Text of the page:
In summation, homelessness among teens is prevalent and arises due to a variety of reasons that include youths running away from their birth families due to poverty and other related factors. The children end up living in the streets, abandoned houses and are likely to engage in illegal activities such as drug dealing and theft for survival. Most of them do not take care of their health and hygiene, which results in infections and diseases that increase the mortality rate of teenagers. In that regard, the social departments have come up with placement services that place the children in different foster care institutions and supportive housing sites, particularly for teens with mental disabilities. The placement services expose a child to a variety of psychosocial risk factors that could affect their overall health, as discussed in this paper.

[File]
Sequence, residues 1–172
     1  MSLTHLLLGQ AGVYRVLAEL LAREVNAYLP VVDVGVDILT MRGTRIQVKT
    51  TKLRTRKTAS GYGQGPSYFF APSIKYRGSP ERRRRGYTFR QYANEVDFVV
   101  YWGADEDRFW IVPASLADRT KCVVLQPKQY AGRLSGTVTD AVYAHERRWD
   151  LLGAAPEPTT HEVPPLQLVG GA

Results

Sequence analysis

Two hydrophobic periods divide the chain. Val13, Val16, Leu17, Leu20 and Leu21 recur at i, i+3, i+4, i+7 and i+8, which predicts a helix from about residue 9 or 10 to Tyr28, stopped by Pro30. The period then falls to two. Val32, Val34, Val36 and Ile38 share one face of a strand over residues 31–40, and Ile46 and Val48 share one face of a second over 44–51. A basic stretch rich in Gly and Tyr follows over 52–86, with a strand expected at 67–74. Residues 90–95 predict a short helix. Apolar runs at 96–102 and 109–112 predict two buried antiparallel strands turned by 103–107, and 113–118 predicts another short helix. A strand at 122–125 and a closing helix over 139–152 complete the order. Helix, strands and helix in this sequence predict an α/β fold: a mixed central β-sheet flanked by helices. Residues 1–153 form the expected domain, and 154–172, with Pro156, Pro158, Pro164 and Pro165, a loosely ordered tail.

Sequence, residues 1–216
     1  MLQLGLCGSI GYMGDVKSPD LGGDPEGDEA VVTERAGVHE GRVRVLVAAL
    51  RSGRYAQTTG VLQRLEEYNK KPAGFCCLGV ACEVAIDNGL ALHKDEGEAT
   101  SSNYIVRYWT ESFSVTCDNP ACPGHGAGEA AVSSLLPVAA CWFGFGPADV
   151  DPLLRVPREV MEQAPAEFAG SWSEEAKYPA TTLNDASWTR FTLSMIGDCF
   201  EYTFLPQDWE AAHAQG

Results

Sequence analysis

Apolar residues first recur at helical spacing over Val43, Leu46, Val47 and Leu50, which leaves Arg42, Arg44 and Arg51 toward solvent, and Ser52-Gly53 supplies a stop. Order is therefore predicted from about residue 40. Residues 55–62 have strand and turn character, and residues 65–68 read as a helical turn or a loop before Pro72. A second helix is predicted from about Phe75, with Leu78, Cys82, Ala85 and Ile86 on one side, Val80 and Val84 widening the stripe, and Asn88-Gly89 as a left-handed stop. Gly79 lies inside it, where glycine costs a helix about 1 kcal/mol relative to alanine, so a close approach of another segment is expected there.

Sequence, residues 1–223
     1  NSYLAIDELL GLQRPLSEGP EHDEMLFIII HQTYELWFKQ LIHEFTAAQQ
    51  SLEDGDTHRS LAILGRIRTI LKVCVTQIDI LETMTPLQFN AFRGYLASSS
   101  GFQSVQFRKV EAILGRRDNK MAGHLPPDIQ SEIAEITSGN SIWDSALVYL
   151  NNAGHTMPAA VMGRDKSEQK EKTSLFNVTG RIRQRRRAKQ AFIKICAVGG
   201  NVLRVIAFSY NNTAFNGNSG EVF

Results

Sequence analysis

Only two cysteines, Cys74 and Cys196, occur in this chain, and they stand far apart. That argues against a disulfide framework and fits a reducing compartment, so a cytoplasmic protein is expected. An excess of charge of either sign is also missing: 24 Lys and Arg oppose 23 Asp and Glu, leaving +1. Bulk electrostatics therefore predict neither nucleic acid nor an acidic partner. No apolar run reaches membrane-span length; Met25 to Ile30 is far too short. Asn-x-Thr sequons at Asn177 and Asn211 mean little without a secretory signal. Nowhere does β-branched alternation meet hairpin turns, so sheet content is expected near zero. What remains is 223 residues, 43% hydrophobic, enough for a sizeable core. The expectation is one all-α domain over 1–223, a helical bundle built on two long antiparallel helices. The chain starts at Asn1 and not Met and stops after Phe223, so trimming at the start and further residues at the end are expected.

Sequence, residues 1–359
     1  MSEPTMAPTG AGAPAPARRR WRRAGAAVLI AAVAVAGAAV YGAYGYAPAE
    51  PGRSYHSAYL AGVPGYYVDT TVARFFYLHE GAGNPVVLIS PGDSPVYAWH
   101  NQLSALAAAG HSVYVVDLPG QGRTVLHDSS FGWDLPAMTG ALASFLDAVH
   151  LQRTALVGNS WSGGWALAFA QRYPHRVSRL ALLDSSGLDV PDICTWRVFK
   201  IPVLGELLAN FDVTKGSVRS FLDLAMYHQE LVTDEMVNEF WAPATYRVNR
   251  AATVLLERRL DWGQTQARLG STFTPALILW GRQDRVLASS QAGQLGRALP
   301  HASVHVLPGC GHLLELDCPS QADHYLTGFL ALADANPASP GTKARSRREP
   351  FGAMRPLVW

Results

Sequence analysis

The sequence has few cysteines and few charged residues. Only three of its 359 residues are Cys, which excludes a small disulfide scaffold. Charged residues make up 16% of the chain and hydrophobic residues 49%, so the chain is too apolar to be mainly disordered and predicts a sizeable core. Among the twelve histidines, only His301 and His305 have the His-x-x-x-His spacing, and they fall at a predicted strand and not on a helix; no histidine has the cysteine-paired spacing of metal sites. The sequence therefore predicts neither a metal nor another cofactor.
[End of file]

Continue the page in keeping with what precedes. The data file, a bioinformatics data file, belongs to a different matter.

Gewirtz, A., Hart-Shegos, E., & Medhanie, A. (2008). Psychosocial Status of Homeless Children and Youth in Family Supportive Housing. American Behavioral Scientist, 51(6), 810-823. doi: 10.1177/0002764207311989

Gwadz, M., Freeman, R., Kutnick, A., Silverman, E., Ritchie, A., & Cleland, C. et al. (2018). Do Programs for Runaway and Homeless Youth Work? A Qualitative Exploration From the Perspectives of Youth Clients in Diverse Settings. Frontiers In Public Health, 6. doi: 10.3389/fpubh.2018.00112

Hwang, S., Kirst, M., Chiu, S., Tolomiczenko, G., Kiss, A., Cowan, L., & Levinson, W. (2009). Multidimensional Social Support and the Health of Homeless Individuals. Journal Of Urban Health, 86(5), 791-803. doi: 10.1007/s11524-009-9388-x

Kulik, D., Gaetz, S., Crowe, C., & Ford-Jones, E. (2011). Homeless youth's overwhelming health burden: A review of the literature. Paediatrics & Child Health, 16(6), e43-e47. doi: 10.1093/pch/16.6.e43